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The Great Law

(From the French or Emile Souvestre).

In the time of the earliest race of Frank kings, when the greater part of their subjects were yet ignorant of the name of Christ, lived an old man named Novaire, who had received the Good News, and applied himself to understand it. Abandoning the sinful pleasures of the world, he retired to a solitary hill, near the spot now known as Lillebonne, and, having constructed a cabin of turf, dwelt there alone, with no other occupation than that of enlarging and elevating his spirit.

Now, by force of meditation and prayer, the carnal veil which hides the Invisible from man was for Novaire withdrawn, and the glories of heaven unfolded themselves before him. Yet he did not lose sight of earth, but beheld at the same time the marvels of the seen and the unseen. His eye was on the woods, the fields, the streams; while, raising it higher, he beheld the region, traversed by the Angels of God, and mounting yet higher, the entrance to the Celestial Dwelling, which the Archangels guard. He listened at the same time to the babbling of the springs, the voices of the Cherubim, and the hosannas of the blessed at the foot of the eternal throne. His food was brought to him by Angels, who discoursed with him of things ineffable. Thus his days passed in a perpetual enchantment. In this spiritual atmosphere, all earthly ambitions gradually receded, as stars pale and disappear before the presence of the sun; and, proudly conscious that his soul was uplifted above vulgar comprehension, Novaire longed to penetrate the very secrets of God.

Listening to the sweet sounds of earth, he said to himself: "Mlight I but know what the birds say in their songs, the breezes in their murmurs, the insects in their buzzings, the waves in their moanings! for in them, surely, l should find the Great Law which rules the world!"

But all Novaire's efforts to penetrate this great mystery had as yet been in vain. He had, gained nothing save hard-heartedness and. pride, for the intellect which grows to greatness alone resembles those forest trees which cannot extend their roots without spreading desolation around them; in order to remain fruitful and profitable, it must be vivified by the dews of the heart.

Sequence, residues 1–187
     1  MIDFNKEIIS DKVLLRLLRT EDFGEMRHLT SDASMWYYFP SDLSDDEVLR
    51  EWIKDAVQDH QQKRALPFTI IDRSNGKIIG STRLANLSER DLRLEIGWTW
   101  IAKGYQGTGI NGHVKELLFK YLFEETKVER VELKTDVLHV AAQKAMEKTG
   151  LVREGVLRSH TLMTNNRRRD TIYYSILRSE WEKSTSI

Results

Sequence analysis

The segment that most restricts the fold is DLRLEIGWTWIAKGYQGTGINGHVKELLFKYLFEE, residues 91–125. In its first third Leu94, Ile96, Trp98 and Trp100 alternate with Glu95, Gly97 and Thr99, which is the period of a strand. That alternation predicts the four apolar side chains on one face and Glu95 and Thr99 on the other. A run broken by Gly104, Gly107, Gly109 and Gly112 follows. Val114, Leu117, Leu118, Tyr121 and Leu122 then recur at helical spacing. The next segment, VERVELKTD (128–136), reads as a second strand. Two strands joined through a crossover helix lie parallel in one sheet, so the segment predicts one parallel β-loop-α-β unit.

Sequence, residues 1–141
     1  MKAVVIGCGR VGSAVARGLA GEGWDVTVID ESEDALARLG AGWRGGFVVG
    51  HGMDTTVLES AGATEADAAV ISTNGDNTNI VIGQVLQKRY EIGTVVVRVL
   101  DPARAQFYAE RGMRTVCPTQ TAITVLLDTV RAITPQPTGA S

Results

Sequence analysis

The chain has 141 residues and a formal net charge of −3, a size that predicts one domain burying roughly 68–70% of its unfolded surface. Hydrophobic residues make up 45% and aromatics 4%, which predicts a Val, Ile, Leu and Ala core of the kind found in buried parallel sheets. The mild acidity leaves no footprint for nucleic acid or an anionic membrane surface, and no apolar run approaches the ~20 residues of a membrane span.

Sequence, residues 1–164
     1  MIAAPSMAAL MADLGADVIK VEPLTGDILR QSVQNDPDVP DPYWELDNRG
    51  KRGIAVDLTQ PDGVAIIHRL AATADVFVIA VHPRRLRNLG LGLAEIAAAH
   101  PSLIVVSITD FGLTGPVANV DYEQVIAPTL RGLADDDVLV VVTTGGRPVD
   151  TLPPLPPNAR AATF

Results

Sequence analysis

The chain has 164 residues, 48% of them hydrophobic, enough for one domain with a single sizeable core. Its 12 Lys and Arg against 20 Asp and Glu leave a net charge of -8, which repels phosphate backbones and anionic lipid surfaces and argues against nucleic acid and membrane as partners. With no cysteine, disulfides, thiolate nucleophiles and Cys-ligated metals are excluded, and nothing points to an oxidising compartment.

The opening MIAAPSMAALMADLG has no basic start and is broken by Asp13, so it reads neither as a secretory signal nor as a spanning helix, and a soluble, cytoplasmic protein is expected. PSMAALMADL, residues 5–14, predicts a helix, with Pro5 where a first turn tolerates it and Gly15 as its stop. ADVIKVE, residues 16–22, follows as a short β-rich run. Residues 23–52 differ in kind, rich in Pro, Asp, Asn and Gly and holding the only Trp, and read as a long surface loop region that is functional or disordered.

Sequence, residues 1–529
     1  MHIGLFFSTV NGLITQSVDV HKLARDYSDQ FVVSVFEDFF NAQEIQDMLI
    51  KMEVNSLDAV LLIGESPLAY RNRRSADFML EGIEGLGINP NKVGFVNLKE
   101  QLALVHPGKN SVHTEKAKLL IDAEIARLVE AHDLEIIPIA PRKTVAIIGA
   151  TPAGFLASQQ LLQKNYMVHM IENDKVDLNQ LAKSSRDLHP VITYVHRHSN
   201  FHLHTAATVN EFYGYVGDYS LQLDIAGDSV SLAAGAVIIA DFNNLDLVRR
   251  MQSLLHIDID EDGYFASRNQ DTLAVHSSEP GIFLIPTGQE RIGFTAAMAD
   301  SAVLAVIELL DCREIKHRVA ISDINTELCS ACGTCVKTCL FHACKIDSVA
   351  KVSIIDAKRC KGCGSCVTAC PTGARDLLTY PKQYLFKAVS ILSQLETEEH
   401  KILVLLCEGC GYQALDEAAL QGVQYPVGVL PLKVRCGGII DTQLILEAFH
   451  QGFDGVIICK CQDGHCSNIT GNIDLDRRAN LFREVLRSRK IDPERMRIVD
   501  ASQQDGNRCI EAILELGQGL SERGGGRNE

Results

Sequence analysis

One day, as Novaire descended his ever-verdant hill to walk in the valley below, there passed by a troop of soldiers, conducting at criminal to the gibbet. The peasants ran to see him pass, and recounted his crimes aloud; but the condemned man only smiled as he listened, and, far from fearing or repenting, seemed to glory in the evil he had done.

As he passed the hermit, however, he suddenly stopped, and cried out: "Approach, holy man, and bestow the kiss of peace upon one about to die!"

Novaire recoiled indignantly, as he answered: "Go on to thy death, wretched man! No pure lips should touch those of a sinner!"

The criminal, in silence, resumed his walk, and the hermit, still angry, returned to his hermitage. But when he arrived thither, he was astounded, for everything was changed. The trees, to which the presence of angels had given eternal verdure, were bare as those of the valley. On the spot where, some hours before, the eglantine had flourished, now glittered the hoar-frost, and through the withered moss appeared the sterile rock.

For the explanation of this change, Novaire awaited the celestial messenger who brought him food from day to day. But the messenger came not; the door of the invisible was closed upon Novaire, and he was reentombed in the woes and ignorance of humanity. He perceived that God was punishing him, but for what fault he could not imagine. Nevertheless, he submitted without revolt. Kneeling upon the hillside, he prayed thus: "Since, O my Creator! I have offended Thee, it is my duty, in expiation thereof, to inflict chastisement upon myself. Wherefore, from this day I leave my retreat, and I vow to walk in an opposite direction, without other rest than that of the night, until Thou, by a visible sign, dost assure me that I have merited Thy pardon."

With these words, Novaire took his hermit's bell, his iron-clasped breviary, his holly staff; he encircled his waist with a leathern cord, fastened on his sandals, and, with one farewell glance around, directed his steps towards the wild peninsula which received in later times the name of Jesnétique.